4. We’ve discussed this before, Kelly. I only use “conservative” and “liberal” as to really to discuss those who are in the Catholic faith and those who are not and are enemies of it.

  5. And I simply do not understand the rationale for that. It makes “conservative” synonymous with Christian, and that’s absurd. I don’t attribute any ill-motive, but don’t you see how that reduces Christianity?

  6. But our job isn’t simply to preserve. There’s some powerful images of the Church (Bride, Mystical Body…) which, some would see as conservative. They speak to the mystical, relational, and aesthetic view of the Church, and are a part of our understanding of the Church. However, those images need to be held alongside others, which some would identify as liberal, which emphasize development, change and service (images of Servant or Pilgrim Church, for example).

    That chap with the one talent, who buried it in the ground, was interested in simply preserving. The language of `conservative` and `liberal` when used to distinguish between friend and enemy of the Church, betrays that same mentality.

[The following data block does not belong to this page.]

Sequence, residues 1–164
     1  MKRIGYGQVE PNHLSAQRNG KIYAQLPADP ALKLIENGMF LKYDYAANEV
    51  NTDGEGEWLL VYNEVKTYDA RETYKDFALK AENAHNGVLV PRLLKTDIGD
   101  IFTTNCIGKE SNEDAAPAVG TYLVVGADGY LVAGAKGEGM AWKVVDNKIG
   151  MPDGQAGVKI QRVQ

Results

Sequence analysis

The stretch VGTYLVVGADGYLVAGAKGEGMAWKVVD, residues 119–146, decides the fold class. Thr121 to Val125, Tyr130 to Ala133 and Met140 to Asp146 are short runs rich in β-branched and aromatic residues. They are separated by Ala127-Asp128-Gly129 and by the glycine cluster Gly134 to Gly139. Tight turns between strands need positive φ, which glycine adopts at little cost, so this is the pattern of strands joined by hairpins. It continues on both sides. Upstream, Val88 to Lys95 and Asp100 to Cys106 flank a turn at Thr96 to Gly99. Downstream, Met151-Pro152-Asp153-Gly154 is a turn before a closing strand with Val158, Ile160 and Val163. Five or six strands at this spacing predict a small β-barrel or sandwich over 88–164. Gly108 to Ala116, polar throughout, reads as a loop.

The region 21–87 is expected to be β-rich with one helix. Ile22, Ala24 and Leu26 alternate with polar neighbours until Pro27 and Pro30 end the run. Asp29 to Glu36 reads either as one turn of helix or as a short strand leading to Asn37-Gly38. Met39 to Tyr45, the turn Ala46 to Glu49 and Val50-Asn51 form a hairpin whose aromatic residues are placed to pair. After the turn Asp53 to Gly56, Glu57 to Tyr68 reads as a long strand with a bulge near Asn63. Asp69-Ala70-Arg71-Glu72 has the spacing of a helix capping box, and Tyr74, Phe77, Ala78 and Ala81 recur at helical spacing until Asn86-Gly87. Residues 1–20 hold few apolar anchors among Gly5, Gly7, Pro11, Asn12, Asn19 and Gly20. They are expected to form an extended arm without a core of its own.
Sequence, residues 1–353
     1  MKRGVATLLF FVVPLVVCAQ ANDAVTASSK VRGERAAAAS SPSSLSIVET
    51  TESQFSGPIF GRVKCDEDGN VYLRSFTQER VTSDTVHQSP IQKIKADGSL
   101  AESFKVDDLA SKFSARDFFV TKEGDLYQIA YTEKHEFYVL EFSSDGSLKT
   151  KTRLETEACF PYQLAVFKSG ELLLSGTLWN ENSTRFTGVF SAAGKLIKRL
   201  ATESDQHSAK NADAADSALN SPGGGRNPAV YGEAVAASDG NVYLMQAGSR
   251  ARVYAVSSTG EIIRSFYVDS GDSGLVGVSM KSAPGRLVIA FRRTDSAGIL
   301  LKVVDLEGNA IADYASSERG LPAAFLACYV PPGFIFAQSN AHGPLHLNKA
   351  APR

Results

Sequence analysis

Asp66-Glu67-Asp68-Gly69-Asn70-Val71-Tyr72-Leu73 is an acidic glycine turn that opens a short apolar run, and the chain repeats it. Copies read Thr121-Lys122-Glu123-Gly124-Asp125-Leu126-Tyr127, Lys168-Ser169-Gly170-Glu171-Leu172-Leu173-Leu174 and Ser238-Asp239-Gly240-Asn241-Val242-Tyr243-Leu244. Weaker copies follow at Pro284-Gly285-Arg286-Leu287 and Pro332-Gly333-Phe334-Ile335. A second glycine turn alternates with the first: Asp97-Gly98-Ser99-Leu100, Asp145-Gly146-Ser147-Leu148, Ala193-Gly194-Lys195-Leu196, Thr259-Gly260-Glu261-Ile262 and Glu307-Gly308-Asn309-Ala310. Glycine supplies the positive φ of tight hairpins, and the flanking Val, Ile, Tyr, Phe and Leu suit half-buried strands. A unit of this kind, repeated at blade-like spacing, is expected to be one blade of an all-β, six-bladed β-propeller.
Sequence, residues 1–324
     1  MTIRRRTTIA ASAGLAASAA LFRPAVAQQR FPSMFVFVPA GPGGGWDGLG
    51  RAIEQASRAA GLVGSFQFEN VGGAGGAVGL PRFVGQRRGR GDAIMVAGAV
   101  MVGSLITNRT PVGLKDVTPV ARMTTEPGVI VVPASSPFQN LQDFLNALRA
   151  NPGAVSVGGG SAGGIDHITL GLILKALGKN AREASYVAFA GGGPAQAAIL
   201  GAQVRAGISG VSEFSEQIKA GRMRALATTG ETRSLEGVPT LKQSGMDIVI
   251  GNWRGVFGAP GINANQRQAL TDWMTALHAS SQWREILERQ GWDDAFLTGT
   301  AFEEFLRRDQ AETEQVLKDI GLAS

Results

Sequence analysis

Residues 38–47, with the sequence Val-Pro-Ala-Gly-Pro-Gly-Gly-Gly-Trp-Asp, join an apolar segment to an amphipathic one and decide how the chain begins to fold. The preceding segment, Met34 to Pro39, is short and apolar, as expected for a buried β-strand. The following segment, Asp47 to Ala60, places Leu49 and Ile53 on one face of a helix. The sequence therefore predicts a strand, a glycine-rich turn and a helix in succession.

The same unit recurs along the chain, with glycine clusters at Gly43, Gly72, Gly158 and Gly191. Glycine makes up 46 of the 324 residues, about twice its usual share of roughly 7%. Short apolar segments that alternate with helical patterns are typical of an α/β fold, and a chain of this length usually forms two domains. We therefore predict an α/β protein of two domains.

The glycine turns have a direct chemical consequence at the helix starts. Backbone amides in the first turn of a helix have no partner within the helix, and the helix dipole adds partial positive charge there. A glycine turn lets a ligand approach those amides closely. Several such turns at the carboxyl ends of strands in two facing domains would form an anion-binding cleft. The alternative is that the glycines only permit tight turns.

That`s why I expressed some time back, my interest in a post from you about how you perceive Jesus, and what transformation that has had and continues to have in your life. Jesus is bigger than these things, and while I suspect you know this on one level, your polarizing language suggests a disconnect.

    In your promotion at this blog of what you see as “conservatism” what is it about “conservatism” that makes it so much easier for you to advocate than the revelation of God?

    I hope you don’t take offense. But I think this is important.

  7. Kelly,

    There is obviously room for the development of Christian teaching. However, certain items like contraception and women’s ordination are “liberal causes” which have been definitively condemned, and are, in fact, of the devil.

    Polarizing language is necessary sometimes. Jesus came to bring a sword, after all.

  8. I think you missed the point. Of coarse I don`t think you deny the importance of development and change in the Church. But your point is a poor one, for while Jesus may have brought a sword, his ability to wield it, and yours (and mine) differ. Where’s the humility? James and John no doubt thought they were doing Jesus’ will when they asked his permission to call fire down from heaven to consume a village that wouldn’t listen. Doesn’t the surprise of those at the Last Judgment (told in Matthew 25) ever bother you?